St. Adelelmus of Burgos , pray for France and the whole world.
St. Adelelmus of Flanders , pray for France and the whole world.
St. Adelin of Séez , pray for France and the whole world.
St. Aderald , pray for France and the whole world.
St. Aimo , pray for France and the whole world.
St. Margaret Mary Alacoque , pray for France and the whole world.
St. Albert of Montecorvino , pray for France and the whole world.
St. Alexander (martyr) , pray for France and the whole world.
St. Andrew of Trier , pray for France and the whole world.
St. Anselm of Canterbury , pray for France and the whole world.
St. Anthony the Hermit , pray for France and the whole world.
St. Antoninus of Pamiers , pray for France and the whole world.
St. Artaldus , pray for France and the whole world.
St. Ascelina , pray for France and the whole world.
St. Auspicius of Toul , pray for France and the whole world.
St. Auspicius of Trier , pray for France and the whole world.
St. Aventinus of Tours , pray for France and the whole world.
St. Leonie Aviat , pray for France and the whole world.
St. Aymard of Cluny , pray for France and the whole world.

St. Baldwin of Rieti , pray for France and the whole world.
St. Madeleine Sophie Barat , pray for France and the whole world.
St. Bernard of Clairvaux
St. Bernard of Thiron , pray for France and the whole world.
St. Siméon-François Berneux , pray for France and the whole world.
St. Berno of Cluny , pray for France and the whole world.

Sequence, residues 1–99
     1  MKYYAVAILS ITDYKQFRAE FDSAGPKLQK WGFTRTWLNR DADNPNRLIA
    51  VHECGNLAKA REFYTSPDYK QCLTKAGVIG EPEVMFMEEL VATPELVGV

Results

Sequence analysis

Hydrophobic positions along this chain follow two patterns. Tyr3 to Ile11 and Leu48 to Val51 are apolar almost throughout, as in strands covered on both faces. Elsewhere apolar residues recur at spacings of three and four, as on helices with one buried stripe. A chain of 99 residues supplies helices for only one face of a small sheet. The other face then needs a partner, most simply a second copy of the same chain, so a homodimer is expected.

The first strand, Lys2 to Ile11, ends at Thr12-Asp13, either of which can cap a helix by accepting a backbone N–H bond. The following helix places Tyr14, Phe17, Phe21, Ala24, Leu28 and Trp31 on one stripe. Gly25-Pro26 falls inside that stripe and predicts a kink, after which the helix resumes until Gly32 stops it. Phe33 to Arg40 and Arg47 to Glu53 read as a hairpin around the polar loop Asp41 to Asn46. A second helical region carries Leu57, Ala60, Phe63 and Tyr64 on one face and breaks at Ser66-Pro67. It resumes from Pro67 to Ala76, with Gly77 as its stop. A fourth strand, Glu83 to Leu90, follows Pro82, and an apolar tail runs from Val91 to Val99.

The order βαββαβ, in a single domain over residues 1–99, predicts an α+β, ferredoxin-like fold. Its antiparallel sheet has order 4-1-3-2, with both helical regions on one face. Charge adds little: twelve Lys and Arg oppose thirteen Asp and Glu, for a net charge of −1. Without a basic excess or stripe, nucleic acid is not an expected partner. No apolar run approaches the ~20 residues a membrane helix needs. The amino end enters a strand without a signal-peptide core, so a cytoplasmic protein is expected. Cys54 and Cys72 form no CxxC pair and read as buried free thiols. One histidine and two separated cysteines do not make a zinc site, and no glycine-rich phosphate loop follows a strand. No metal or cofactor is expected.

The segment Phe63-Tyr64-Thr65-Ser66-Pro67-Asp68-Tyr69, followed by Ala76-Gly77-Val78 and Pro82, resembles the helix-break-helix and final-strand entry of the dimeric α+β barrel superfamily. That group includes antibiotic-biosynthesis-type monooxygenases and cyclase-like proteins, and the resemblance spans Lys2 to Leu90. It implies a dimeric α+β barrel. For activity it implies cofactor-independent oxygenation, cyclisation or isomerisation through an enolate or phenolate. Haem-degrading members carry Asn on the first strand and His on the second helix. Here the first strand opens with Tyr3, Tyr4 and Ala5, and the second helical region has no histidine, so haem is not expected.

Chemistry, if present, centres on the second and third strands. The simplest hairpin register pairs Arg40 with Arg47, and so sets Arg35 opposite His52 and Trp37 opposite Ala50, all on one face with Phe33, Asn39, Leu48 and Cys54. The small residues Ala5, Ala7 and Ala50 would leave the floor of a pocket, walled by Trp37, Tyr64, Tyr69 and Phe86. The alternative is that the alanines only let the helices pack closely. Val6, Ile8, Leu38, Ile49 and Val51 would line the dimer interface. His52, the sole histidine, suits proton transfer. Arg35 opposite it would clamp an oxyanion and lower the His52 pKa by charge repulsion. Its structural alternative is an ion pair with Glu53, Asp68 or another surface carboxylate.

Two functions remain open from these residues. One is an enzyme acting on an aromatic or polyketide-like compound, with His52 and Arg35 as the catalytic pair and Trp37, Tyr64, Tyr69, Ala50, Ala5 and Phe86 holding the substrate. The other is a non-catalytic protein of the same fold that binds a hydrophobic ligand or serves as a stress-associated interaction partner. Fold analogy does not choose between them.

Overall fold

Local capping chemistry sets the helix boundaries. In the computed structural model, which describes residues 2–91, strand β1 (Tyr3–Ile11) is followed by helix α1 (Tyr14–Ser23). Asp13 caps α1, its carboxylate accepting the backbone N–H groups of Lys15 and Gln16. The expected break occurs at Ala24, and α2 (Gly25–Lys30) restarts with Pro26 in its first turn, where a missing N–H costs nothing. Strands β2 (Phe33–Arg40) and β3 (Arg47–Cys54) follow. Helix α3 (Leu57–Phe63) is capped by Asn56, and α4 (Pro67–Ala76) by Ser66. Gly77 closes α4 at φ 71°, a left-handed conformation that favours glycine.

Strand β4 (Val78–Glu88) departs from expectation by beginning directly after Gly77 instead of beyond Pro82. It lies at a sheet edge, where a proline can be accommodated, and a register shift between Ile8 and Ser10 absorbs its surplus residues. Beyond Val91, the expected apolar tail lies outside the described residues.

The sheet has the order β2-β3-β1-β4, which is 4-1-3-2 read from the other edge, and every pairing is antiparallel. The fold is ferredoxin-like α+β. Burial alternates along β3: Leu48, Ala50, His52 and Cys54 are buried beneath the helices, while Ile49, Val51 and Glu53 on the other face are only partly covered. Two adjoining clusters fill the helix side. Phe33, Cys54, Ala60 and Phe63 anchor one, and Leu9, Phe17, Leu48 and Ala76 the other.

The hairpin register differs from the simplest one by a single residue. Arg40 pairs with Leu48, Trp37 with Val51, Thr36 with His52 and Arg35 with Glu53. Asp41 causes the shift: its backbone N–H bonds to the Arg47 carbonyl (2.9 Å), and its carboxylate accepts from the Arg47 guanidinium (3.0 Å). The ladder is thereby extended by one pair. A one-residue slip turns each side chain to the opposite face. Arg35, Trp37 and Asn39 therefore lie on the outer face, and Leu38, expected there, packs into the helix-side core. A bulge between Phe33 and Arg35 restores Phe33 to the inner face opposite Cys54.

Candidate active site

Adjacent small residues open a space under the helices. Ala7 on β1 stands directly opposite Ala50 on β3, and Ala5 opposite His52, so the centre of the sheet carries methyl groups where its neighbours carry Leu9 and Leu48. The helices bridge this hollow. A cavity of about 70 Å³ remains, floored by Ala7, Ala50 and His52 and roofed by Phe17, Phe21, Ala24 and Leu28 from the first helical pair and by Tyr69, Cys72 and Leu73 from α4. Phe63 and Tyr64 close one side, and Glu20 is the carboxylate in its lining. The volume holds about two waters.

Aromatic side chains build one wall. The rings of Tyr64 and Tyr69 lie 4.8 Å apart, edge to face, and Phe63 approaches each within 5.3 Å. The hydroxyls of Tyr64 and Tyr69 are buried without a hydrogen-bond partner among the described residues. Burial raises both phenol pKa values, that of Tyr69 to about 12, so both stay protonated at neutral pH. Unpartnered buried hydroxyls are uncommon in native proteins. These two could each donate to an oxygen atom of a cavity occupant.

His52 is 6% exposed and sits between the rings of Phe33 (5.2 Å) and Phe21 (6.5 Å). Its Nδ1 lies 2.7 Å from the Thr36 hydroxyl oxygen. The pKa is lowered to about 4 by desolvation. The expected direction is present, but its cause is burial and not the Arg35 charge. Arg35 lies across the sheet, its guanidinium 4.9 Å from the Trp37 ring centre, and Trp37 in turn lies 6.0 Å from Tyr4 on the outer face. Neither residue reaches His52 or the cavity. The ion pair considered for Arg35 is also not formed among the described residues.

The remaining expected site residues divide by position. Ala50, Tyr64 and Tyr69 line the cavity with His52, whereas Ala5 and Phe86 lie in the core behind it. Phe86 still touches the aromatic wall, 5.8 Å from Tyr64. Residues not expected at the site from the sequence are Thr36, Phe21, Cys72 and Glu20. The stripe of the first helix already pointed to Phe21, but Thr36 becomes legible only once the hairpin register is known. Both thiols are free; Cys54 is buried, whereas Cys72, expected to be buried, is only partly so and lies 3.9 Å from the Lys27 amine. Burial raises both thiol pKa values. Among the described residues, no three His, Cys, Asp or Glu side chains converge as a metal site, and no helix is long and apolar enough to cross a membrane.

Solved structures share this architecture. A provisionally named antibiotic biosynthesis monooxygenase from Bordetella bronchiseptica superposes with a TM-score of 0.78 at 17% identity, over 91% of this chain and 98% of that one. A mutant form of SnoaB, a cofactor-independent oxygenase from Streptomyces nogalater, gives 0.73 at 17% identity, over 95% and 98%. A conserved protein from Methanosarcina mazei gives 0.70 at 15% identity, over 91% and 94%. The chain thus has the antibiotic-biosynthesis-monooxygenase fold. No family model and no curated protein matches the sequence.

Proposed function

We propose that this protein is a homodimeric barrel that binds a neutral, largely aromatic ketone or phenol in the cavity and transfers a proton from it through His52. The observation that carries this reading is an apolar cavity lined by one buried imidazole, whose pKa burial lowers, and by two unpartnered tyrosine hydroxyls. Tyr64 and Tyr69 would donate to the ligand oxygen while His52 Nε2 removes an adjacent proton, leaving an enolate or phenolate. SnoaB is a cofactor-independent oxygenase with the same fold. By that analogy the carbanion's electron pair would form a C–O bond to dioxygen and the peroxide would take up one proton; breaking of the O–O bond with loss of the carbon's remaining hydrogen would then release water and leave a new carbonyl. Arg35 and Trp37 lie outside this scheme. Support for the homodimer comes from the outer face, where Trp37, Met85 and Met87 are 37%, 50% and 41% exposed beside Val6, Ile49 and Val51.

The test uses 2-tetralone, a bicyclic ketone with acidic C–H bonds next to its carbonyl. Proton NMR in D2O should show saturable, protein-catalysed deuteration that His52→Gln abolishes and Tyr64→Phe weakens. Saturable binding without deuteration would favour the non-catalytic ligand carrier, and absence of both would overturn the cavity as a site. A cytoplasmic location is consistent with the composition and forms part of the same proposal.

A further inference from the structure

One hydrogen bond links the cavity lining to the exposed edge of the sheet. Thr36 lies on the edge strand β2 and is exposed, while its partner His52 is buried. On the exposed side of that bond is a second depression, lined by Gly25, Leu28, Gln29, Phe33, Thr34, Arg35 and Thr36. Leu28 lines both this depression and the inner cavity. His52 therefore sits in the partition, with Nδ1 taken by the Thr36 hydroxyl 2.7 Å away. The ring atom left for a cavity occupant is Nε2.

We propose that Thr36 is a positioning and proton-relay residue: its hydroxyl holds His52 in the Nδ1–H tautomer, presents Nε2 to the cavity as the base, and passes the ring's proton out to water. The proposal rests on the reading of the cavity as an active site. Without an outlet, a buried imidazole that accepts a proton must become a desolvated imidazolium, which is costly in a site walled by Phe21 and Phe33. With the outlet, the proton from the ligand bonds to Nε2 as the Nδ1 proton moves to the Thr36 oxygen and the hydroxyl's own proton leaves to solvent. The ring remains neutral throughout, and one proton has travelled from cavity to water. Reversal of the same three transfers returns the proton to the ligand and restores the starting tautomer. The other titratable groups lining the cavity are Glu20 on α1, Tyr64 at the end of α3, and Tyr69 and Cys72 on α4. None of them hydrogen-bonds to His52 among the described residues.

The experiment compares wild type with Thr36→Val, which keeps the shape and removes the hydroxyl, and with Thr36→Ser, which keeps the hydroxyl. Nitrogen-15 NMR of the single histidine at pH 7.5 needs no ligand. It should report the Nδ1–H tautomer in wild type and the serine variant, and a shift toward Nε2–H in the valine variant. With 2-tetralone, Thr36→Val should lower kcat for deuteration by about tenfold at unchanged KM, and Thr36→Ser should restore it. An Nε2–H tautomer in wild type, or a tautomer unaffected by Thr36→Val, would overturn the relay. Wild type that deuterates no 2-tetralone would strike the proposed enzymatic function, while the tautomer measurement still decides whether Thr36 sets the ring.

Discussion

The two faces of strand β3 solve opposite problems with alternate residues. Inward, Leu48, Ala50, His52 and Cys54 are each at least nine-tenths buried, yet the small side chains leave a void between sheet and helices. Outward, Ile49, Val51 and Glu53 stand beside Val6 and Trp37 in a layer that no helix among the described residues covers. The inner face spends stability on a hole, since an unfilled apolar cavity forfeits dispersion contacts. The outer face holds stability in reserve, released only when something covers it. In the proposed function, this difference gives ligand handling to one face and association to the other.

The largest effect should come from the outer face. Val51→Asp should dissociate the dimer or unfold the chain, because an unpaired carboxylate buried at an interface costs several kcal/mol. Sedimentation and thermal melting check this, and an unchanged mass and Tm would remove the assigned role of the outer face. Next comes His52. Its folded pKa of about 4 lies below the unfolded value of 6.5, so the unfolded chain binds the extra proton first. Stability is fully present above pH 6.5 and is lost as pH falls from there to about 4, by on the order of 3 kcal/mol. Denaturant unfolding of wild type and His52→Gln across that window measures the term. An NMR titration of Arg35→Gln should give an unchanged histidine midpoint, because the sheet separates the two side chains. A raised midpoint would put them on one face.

St. Bertrand of Comminges , pray for France and the whole world.
St.Joan Elizabeth Bichier des Ages , pray for France and the whole world.
St. Julie Billiart , pray for France and the whole world.
St. Jean-Louis Bonnard , pray for France and the whole world.
St. Pierre Dumoulin-Borie Bourgeoys , pray for France and the whole world.
St. Jean de Brébeuf , pray for France and the whole world.

St. Canus Natus , pray for France and the whole world.
St. Clotilde, pray for France and the whole world.
St. Noël Chabanel , pray for France and the whole world.
St. Peter Chanel , pray for France and the whole world.
St. Jane Frances de Chantal , pray for France and the whole world.
St. Colette of Corbie , pray for France and the whole world.
St. Jean-Charles Cornay , pray for France and the whole world.

St. Antoine Daniel , pray for France and the whole world.
St. Marie-Nicolas-Antoine Daveluy , pray for France and the whole world.
St. Denis, pray for France and the whole world.
St. Dionysius of Vienne , pray for France and the whole world.
St. Domnin, pray for France and the whole world.
St. Pierre-Henri Dorie , pray for France and the whole world.
St. Rose Philippine Duchesne, pray for France and the whole world.
St. Louis Gabriel Taurin Dufresse, pray for France and the whole world.

St. Ebontius , pray for France and the whole world.
St. Élisabeth of the Trinity, pray for France and the whole world.
St. Elzéar of Sabran , pray for France and the whole world.
St. Émilie de Villeneuve , pray for France and the whole world.
St. Émilien of Nantes, pray for France and of the whole world.
St. Estelle , pray for France and the whole world.
St. John Eudes , pray for France and the whole world.
St. Peter Julian Eymard , pray for France and the whole world.

SS. Peter Faber, Felix, Fortunatus, and Achilleus, pray for France and the whole world.
St. Floribert of Liège, pray for France and the whole world.
St. Pierre Fourier, pray for France and the whole world.
St. Andrew Fournet , pray for France and the whole world.
St. Frederick of Liege , pray for France and the whole world.

St. François-Isidore Gagelin , pray for France and the whole world.
St. Charles Garnier , pray for France and the whole world.
St. Gaugericus , pray for France and the whole world.
St. Geneviève, pray for France and the whole world.
St. Gens, pray for France and the whole world.
St. Gérard of Brogne , pray for France and the whole world.
St. Goneri of Brittany , pray for France and the whole world.
St. Goswin , pray for France and the whole world.
St. René Goupil , pray for France and the whole world.